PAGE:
Using the Leica IIIc
Once you’ve managed to trim the leader, load the camera, and reset the film counter (yes, that’s up to you as well), you’re ready to go make pictures. Well, unless you’ve chosen to mount a collapsible lens, in which case you’ll need to make sure that’s extended. I contend that, at least in the case of 50mm lenses, a Barnack Leica really should have a collapsible lens. The camera’s so compact that it seems a shame to ruin that wonderful portability with a giant protrusion sticking out of the front of it. For other focal lengths, do what you want – you’ll have to mount an accessory viewfinder anyway, so the svelte original silhouette is ruined – but for 50mm, stick with something collapsible. Not owning a proper Elmar (Leica purists, you may want to look away now), I’ve mounted my Soviet-made FED 50/3.5, which works just fine.
In practice, the IIIc is quite easy to use once you’ve done it enough to become accustomed to its operational demands. Winding on immediately after shooting should be standard procedure here, since it allows you to set the shutter speed whenever you like; it’s not often considered, but the need to set speeds before winding on leaf shutter cameras is a considerable drawback when it comes to street photography. The Leica, with its focal plane shutter, is very well-suited to this sort of work, being extremely quick to operate intuitively. About the only thing you actually have to look at is the shutter speed dials (fast speeds on top, slow speeds on the front) and the aperture setting on the lens, but if you preset those (I normally shoot in the street in daytime at f/5.6 and 1/125 on Tri-X or HP5+) and zone focus (I use 10ft, or 3m in that pesky metric system the rest of the world keeps trying to push on us), you can shoot almost instantly.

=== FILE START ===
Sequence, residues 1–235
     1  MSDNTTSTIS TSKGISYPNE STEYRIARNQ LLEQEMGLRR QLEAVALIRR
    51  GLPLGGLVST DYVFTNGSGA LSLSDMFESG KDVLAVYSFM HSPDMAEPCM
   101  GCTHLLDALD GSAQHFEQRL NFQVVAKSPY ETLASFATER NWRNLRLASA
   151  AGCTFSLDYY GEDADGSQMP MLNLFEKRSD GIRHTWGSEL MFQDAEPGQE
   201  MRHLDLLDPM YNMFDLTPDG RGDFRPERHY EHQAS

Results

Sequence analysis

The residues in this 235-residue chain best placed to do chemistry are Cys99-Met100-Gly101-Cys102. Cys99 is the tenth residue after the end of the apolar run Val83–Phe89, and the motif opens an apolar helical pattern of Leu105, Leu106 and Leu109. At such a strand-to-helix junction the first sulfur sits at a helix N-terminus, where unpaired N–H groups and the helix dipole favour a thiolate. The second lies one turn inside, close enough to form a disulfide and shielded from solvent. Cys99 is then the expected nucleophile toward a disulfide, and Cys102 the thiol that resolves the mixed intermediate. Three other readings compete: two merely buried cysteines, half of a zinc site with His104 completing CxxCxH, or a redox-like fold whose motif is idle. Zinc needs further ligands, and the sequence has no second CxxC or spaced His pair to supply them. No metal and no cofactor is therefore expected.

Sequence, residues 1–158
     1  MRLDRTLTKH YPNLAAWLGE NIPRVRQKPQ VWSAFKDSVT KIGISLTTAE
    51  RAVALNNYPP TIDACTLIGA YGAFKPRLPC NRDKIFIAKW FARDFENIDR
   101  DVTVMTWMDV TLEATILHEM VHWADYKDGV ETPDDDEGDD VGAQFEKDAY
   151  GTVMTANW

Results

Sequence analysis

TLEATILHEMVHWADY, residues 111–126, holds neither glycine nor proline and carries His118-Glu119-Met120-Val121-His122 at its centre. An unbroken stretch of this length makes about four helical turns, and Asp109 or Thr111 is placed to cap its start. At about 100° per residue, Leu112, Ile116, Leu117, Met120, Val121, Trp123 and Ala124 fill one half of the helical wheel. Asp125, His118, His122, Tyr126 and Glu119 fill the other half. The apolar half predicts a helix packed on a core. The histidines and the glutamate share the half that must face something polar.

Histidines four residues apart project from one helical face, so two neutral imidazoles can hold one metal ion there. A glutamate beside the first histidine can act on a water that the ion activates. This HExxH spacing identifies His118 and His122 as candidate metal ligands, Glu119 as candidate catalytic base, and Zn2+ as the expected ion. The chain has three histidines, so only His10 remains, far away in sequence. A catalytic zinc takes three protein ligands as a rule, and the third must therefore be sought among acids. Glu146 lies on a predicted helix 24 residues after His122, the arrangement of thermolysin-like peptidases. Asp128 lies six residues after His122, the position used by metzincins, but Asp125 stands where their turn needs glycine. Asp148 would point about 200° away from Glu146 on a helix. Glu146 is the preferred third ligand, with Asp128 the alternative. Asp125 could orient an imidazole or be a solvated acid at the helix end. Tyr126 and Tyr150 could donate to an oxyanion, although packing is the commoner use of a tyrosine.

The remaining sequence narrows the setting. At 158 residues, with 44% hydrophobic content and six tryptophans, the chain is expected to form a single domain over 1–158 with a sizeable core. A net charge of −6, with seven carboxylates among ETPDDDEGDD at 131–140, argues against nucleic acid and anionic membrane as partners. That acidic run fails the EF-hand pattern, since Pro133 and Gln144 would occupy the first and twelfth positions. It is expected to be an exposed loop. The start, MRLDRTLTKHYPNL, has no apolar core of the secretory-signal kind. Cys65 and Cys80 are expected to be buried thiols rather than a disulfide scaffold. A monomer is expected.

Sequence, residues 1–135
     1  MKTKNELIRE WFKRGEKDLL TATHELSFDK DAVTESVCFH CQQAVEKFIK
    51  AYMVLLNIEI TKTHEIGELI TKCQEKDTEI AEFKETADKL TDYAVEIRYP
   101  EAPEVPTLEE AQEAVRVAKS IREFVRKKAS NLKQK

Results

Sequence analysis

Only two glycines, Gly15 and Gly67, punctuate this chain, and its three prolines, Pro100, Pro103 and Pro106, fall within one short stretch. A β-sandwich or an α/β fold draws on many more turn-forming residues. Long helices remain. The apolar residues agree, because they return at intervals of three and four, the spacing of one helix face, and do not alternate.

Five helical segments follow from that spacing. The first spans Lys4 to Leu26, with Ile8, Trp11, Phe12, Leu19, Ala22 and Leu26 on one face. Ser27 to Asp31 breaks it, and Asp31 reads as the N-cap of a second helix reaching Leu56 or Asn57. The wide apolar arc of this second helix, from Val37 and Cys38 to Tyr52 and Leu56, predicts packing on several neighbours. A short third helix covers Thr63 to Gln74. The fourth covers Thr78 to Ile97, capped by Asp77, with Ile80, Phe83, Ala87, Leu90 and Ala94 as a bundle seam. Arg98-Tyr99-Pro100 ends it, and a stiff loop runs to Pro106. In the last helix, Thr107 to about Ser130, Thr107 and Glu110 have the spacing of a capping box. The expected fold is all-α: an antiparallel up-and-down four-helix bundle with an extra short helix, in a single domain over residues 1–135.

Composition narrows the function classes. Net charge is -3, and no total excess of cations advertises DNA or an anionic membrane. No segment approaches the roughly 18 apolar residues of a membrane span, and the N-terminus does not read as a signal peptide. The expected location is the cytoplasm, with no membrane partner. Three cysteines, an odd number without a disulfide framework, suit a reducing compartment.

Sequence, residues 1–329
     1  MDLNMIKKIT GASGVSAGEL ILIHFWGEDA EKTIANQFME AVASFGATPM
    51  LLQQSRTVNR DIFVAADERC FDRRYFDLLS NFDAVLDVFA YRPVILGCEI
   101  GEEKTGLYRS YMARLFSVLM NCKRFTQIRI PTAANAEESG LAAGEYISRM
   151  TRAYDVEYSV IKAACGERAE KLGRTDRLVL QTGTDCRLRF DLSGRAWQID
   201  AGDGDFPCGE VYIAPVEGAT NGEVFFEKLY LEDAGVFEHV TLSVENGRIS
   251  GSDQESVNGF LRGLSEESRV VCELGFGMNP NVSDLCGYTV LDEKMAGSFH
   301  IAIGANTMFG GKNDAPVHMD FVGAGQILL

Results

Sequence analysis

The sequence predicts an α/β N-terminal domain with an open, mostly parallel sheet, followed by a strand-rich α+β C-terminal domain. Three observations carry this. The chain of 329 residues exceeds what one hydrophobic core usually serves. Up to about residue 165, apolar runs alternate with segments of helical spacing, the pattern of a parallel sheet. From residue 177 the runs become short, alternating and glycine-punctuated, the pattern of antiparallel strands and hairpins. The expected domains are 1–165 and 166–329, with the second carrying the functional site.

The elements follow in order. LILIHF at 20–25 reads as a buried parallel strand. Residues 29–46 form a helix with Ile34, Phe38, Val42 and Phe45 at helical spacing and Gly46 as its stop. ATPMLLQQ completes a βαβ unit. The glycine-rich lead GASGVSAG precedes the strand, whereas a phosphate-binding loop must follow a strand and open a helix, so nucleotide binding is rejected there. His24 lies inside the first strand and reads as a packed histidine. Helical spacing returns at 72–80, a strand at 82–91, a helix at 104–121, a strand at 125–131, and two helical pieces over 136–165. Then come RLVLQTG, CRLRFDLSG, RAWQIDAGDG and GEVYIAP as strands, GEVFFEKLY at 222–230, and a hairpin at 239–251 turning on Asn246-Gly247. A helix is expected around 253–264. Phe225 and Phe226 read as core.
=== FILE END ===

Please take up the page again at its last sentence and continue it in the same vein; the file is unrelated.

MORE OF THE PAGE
Street photography is probably the genre Leica is most associated with, and with good reason, but it’s not to suggest that the Barnack Leicas are one-trick ponies. They’re perfectly good cameras for many things – travel, architecture, landscape – but they’re also not without their weak suits. You can adapt most interchangeable lens cameras to most roles, but rangefinders and long lenses are not a good match generally, so if you do a lot of wildlife photography, go find an SLR; while I’ll happily use a 90 or even a 135 on my rangefinders on occasion, anything more just doesn’t fly (which is the reason you won’t find lenses longer than 135mm for them).
Potential Issues with the Leica IIIc
While I have had no problems whatsoever with the IIIc Hamish sent me, nor do I expect to, no review would be complete without a discussion of things to look at if you’re considering buying one for yourself. Most issues stem from lack of maintenance, use, or both, plus the obvious age factor – many of these cameras are 70 or 80 years old at this point. Dried up lubricants will cause almost any fault you can imagine short of spontaneous combustion; this is the most common problem you face with an old Leica, but thankfully when you CLA it (either sending it off to a specialist or doing it yourself, if you happen to know what you’re doing, which it should be noted is considerably different from thinking you know what you’re doing) everything should come to life pretty readily. The fabric shutter curtains may be failing to hold back the light, but they can be replaced without too much additional effort or expense during the CLA if needed.
Then there’s the dim rangefinder issue that afflicts many Barnack Leicas. This is again due to age-related degradation of the half-silvered beamsplitter mirror in the rangefinder. It’s a very specialized component, but as you might expect in this day and age, the magic interweb allows even the most obscure commodities to be supplied around the globe. As of this writing (April 2015), there’s a reliable seller on ebay who will happily send you a brand new mirror from Japan to anywhere in the world for a paltry sum.